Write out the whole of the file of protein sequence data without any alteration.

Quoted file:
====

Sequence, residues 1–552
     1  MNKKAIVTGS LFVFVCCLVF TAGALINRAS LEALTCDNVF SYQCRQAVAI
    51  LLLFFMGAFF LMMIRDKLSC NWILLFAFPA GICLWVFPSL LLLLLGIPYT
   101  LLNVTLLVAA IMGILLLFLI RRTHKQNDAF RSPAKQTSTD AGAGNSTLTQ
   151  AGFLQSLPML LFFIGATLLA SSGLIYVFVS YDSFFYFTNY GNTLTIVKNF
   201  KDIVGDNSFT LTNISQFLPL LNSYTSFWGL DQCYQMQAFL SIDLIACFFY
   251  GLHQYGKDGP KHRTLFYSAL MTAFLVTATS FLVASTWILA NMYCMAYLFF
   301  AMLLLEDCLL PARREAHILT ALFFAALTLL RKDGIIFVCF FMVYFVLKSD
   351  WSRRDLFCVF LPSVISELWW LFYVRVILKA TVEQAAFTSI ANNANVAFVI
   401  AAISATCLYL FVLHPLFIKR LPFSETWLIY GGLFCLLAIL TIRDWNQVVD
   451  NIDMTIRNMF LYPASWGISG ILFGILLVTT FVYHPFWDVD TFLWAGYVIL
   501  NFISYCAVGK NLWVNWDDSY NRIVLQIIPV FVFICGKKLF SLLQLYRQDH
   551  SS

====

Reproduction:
Sequence, residues 1–552
     1  MNKKAIVTGS LFVFVCCLVF TAGALINRAS LEALTCDNVF SYQCRQAVAI
    51  LLLFFMGAFF LMMIRDKLSC NWILLFAFPA GICLWVFPSL LLLLLGIPYT
   101  LLNVTLLVAA IMGILLLFLI RRTHKQNDAF RSPAKQTSTD AGAGNSTLTQ
   151  AGFLQSLPML LFFIGATLLA SSGLIYVFVS YDSFFYFTNY GNTLTIVKNF
   201  KDIVGDNSFT LTNISQFLPL LNSYTSFWGL DQCYQMQAFL SIDLIACFFY
   251  GLHQYGKDGP KHRTLFYSAL MTAFLVTATS FLVASTWILA NMYCMAYLFF
   301  AMLLLEDCLL PARREAHILT ALFFAALTLL RKDGIIFVCF FMVYFVLKSD
   351  WSRRDLFCVF LPSVISELWW LFYVRVILKA TVEQAAFTSI ANNANVAFVI
   401  AAISATCLYL FVLHPLFIKR LPFSETWLIY GGLFCLLAIL TIRDWNQVVD
   451  NIDMTIRNMF LYPASWGISG ILFGILLVTT FVYHPFWDVD TFLWAGYVIL
   501  NFISYCAVGK NLWVNWDDSY NRIVLQIIPV FVFICGKKLF SLLQLYRQDH
   551  SS